This week’s 30th anniversary of the Bhopal disaster is stark reminder that India’s relationship with capitalism has not always been a happy one.
As the world’s largest democracy again remembers those who died from the toxic gas leak at the US-owned Union Carbide factory on the night of 3 December, 1984, India’s labour movement is marshalling its forces to challenge the neo-liberal economic policies of the country’s new right-wing Bharatiya Janata Party (BJP) government.
Acting under the umbrella of a recently-formed Joint Action Committee, India’s national trades union centres – amongst them the ruling party’s own labour wing, the Bharti Mazdoor Sangh (BMS) – have called for a day of action on Friday, 5 December.
Some five million workers are expected to participate in the all-India strike.
Delhi, Mumbai, Kolkata, Chennai and other major cities are expected to be severely affected by the hartal.
“The people brought BJP to power with an absolute majority but from day one the new government has taken various steps to help employers run industry as they want,” said Harbhajan Singh Sidhu, general secretary of India’s third largest national centre Hind Mazdoor Sabha.
Whatever the outcome of the one-day stoppage, this signals a looming conflict between the labour movement and the free market government of Prime Minister Narendra Modi, who won a landslide victory in May this year on a ticket of conservative Hindu nationalism and untrammelled capitalism.
It is estimated that India needs an annual growth rate of around eight per cent to keep pace with the social and employment demands of its growing 1.2 billion-strong population.
Growth had been running at a spectacular 10 per cent because of the country’s “Shining India” fiscal policy, which gave a wider aperture to direct foreign investment and liberalised domestic economic controls and legislation.
But of late it has slipped back to a relatively disappointing growth rate of about six per cent.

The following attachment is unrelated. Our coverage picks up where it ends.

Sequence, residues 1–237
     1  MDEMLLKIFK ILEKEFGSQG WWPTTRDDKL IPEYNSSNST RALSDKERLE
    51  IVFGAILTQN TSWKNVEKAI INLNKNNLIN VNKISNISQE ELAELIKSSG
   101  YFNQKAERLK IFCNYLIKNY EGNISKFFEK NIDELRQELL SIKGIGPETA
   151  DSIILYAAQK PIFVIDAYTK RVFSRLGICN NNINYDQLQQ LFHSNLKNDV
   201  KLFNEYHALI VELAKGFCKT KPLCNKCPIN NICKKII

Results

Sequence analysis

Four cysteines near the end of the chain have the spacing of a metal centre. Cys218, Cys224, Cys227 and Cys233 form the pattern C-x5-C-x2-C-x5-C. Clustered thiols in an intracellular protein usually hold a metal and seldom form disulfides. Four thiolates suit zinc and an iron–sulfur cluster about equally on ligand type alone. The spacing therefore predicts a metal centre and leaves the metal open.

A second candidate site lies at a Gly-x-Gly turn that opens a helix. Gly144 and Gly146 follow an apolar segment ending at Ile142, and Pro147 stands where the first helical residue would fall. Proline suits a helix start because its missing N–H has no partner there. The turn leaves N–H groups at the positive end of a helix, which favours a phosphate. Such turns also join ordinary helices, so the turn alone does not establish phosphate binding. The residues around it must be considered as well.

And the new government has promised to do something about it with a flurry of further free market reforms.
Hitherto, Modi’s big calling card has been the success of his “Chicago School” model of so-called Modinomics, as experienced by Gujarat, the state he ruled for two decades.
But the legacy of Gujarat and Modi is controversial and deeply flawed, say labour activists.
While Modi transformed the economic performance of Gujarat – to the benefit of wealthy merchants, the entrenched upper castes and a new generation of Gujarati businessmen, dealing in diamonds, textiles and heavy manufacturing – he also left the poor in the gutter and labour rights severely curtailed.
“The government is planning massive privatisation and deregulation in the name of more ‘flexible’ labour laws,” Sangam Tripathy, Assistant Regional Secretary for the Asia-Pacific office of the International Transport Workers’ Federation (ITF) told Equal Times.
“This is going to hit precarious and unprotected workers particularly hard. The changes will bring down social standards and social indicators. All this is being done without any form of consultation or dialogue with labour unions whatsoever. This is why we’ve called for the strike,” said Tripathy.
The Indian trade union alliance is particularly alarmed by recent changes to the labour laws in the state of Rajasthan, adjoining Gujarat, which they believe will serve as a blueprint for further anti-labour legislation across the nation.
An amendment to the Small Factories Act, for example, proposes to strip workers in small businesses of 40 employees or less of their employment rights. And the Factories Act and Apprentices Act are also set for radical surgery.
“The government has proposed more than 70 amendments to the Factories Act including raising the maximum number of overtime hours from 50 to 100 – and 115 in an emergency,” said Singh Sidhu.
Meanwhile, the Modi administration has targeted a huge tranche of public sector Indian National Railways for privatisation and – despite a previous massive corruption scandal over the tender and sale of coal-mining licenses to private parties – the BJP seems determined to privatise coal-mining too.
India’s trades unions have now called on the government and the Minister of Labour and Employment, Bandaru Dattatreya, to implement 10 demands, among them: strict adherence to existing labour laws; a national minimum wage of 10,000 rupees a month (around US$160); social security and pension cover for all workers; employment generation; and price controls to help the country’s poor.
“The Joint Action Committee is comprised of every trade union from left to right, so we are all united on this issue,” said Manali Shah of the Self-employed Women’s Association (Sewa) in Gujarat’s biggest city of Ahmedabad.
“In Gujarat the poor know all about ‘Modi Economics’ and we know it’s not good for us.
“Half of India’s 1.2 billion people have undoubtedly prospered since the first phase of market reforms in the early 1990s, yet the remaining 600 million have not prospered. They are now deeper into poverty. Half the population is being left behind.”